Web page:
Before creating or acquiring a technology solution that is generated by AI, consider your contract terms
As businesses consider the risks and benefits of using generative AI tools, approaches to these risks and benefits will differ depending on who you are. Perhaps you are a vendor of a technology solution that was developed, in whole or in part, with the help of a generative AI tool; perhaps you are the customer that is purchasing or acquiring rights to that technology solution.
In this vendor/customer context, each party’s needs and the issues each may face are different. Here, we show how thoughtful contract drafting and negotiation may help both vendors and their customers address these differing needs and issues. You may also be interested in reading our related article, “Generative AI for Essential Corporate Functions: Use Cases & Legal Considerations,” published by Bloomberg on April 27, 2023.
The vendor’s perspective
While the use of generative AI tools may help to meet deadlines, accelerate time to market and reduce costs and expenses, those benefits come at a potential cost – not the least of which are the risk of losing trade secret protection for information used as inputs to ambiguous rights over the ownership of the output, and possible third-party infringement risk when output is generated from or incorporates third-party content. In addressing these risks from a vendor’s perspective, it may be helpful to look to open source software as a possible analogy.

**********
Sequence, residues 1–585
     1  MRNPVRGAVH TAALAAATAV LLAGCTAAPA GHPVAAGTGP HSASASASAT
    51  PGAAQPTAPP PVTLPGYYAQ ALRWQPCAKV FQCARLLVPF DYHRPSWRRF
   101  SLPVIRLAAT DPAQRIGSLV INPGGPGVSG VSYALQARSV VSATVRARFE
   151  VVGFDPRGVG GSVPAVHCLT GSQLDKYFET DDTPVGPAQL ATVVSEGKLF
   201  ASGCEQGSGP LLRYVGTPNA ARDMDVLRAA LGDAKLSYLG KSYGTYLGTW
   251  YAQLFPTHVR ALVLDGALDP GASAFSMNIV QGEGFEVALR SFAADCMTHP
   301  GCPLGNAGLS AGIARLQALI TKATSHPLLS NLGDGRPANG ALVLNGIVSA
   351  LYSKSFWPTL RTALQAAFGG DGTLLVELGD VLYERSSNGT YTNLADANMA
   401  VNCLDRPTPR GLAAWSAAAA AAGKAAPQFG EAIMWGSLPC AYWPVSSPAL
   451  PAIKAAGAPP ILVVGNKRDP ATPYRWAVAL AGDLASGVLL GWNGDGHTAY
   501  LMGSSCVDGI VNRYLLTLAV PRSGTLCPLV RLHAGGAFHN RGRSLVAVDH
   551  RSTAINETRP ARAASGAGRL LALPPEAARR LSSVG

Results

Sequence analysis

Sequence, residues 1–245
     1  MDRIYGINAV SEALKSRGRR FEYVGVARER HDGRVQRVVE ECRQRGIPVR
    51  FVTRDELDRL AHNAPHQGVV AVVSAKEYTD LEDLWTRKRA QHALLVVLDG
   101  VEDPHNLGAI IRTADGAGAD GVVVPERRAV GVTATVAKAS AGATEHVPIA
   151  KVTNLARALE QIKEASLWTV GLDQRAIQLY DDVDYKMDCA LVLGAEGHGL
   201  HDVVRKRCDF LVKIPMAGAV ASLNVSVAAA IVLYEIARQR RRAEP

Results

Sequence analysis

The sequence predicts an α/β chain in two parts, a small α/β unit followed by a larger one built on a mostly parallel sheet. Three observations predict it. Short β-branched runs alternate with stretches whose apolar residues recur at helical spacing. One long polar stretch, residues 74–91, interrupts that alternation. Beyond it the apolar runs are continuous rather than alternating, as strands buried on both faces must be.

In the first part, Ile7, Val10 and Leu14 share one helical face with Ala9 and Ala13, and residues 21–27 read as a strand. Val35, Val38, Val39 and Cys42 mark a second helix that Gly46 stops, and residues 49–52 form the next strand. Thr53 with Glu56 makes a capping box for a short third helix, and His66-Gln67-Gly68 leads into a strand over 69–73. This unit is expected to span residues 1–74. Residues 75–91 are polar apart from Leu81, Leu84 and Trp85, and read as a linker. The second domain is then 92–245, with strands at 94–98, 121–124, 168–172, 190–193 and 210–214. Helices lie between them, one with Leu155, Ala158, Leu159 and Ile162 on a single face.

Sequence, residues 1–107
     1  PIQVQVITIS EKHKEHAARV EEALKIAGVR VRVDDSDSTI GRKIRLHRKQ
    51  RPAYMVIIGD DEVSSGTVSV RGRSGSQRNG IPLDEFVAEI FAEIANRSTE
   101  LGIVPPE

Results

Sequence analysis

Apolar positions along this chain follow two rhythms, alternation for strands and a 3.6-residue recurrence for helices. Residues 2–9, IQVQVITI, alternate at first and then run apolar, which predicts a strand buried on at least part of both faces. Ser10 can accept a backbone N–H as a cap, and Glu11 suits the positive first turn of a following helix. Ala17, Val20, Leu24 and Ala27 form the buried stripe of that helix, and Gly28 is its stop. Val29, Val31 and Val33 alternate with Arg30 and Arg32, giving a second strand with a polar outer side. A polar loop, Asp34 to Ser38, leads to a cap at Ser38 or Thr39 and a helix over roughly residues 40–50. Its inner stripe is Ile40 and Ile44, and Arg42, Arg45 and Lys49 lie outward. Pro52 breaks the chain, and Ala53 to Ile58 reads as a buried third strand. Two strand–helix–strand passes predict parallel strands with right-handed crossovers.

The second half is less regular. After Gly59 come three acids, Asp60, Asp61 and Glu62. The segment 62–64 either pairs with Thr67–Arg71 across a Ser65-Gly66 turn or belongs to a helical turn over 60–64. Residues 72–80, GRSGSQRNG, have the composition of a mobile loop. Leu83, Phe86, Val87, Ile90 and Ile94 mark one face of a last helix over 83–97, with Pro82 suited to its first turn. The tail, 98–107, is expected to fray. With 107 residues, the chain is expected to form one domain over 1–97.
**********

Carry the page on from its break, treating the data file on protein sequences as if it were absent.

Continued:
The first version of the General Public License (GPL) was released in 1989, and Linux was first released under the GPL in 1992. Software developers have had over three decades to get comfortable with open source software. Like generative AI tools, open source software, can help to accelerate development cycles and time to market – yet the provenance of the software is not always clear. We remember certain mergers and acquisitions early in our careers when merger agreements would include warranties that the target had never used any open source software; now those warranties reflect the reality of today’s software development to tease out the most potentially problematic uses of open source software.
Similarly, it is likely that vendors will find their development teams using generative AI tool and so it may be unrealistic to ban their use entirely. A more practical and realistic approach may be to ensure that any use is carefully considered and that vendors take that use into account when making commitments about their software products: